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Toxicol Sci. 2019 Jan 1;167(1):6-14. doi: 10.1093/toxsci/kfy278.

Screening for Developmental Neurotoxicity at the National Toxicology Program: The Future Is Here.

Author information

1
Division of the National Toxicology Program, National Institute of Environmental Health Sciences, Research Triangle Park, North Carolina 27709.
2
Kelly Government Solutions, Durham, North Carolina 27709.
3
RTice Consulting, Hillsborough, North Carolina 27278.

Abstract

The National Toxicology Program (NTP) receives requests to evaluate chemicals with potential to cause adverse health effects, including developmental neurotoxicity (DNT). Some recent requests have included classes of chemicals such as flame retardants, polycyclic aromatic compounds, perfluoroalkyl substances, and bisphenol A analogs with approximately 20-50 compounds per class, many of which include commercial mixtures. However, all the compounds within a class cannot be tested using traditional DNT animal testing guideline studies due to resource and time limitations. Hence, a rapid and biologically relevant screening approach is required to prioritize compounds for further in vivo testing. Because neurodevelopment is a complex process involving multiple distinct cellular processes, one assay will unlikely address the complexity. Hence, the NTP sought to characterize a battery of in vitro and alternative animal assays to quantify chemical effects on a variety of neurodevelopmental processes. A culmination of this effort resulted in a NTP-hosted collaborative project with approximately 40 participants spanning across domains of academia, industry, government, and regulatory agencies; collaborators presented data on cell-based assays and alternative animal models that was generated using a targeted set of compounds provided by the NTP. The NTP analyzed the assay results using benchmark concentration (BMC) modeling to be able to compare results across the divergent assays. The results were shared with the contributing researchers on a private web application during the workshop, and are now publicly available. This article highlights the overview and goals of the project, and describes the NTP's approach in creating the chemical library, development of NTPs data analysis strategy, and the structure of the web application. Finally, we discuss key issues with emphasis on the utility of this approach, and knowledge gaps that need to be addressed for its use in regulatory decision making.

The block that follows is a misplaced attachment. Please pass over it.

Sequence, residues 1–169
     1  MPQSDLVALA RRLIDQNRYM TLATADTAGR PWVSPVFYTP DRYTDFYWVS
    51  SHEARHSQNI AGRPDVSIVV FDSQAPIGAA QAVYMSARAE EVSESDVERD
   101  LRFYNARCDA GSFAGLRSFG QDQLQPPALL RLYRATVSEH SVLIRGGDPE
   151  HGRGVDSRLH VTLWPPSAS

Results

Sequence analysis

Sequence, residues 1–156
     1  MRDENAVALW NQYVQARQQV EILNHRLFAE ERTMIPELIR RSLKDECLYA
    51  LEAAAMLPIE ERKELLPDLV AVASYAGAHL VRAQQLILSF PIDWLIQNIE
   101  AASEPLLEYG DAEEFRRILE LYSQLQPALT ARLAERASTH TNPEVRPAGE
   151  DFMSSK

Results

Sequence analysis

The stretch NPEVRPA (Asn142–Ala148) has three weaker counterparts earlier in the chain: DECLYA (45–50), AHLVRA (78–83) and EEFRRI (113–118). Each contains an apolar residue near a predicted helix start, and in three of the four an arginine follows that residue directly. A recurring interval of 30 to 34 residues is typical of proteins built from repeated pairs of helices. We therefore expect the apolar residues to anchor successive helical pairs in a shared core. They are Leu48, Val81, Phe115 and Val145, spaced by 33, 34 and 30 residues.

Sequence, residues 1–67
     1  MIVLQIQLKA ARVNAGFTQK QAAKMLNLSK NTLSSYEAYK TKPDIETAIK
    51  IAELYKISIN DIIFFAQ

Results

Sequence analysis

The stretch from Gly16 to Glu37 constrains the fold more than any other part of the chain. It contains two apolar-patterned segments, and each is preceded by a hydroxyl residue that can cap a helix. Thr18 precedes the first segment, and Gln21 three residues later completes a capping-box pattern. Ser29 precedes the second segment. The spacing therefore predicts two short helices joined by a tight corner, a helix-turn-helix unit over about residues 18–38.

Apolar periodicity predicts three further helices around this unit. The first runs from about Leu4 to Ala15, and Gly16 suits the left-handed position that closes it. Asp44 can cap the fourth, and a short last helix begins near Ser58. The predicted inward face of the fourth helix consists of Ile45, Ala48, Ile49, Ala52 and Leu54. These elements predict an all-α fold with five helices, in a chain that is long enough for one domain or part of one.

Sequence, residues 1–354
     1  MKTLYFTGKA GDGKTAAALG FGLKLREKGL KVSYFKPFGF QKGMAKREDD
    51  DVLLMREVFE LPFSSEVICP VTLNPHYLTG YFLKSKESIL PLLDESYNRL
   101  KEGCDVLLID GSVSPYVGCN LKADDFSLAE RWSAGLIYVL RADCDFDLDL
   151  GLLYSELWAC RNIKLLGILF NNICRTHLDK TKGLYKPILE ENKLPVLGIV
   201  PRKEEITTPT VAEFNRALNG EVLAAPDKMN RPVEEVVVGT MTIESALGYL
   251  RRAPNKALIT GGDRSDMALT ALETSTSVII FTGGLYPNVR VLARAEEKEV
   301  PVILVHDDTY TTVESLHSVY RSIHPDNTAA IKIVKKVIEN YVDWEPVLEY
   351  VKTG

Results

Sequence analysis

PMID:
30496580
DOI:
10.1093/toxsci/kfy278

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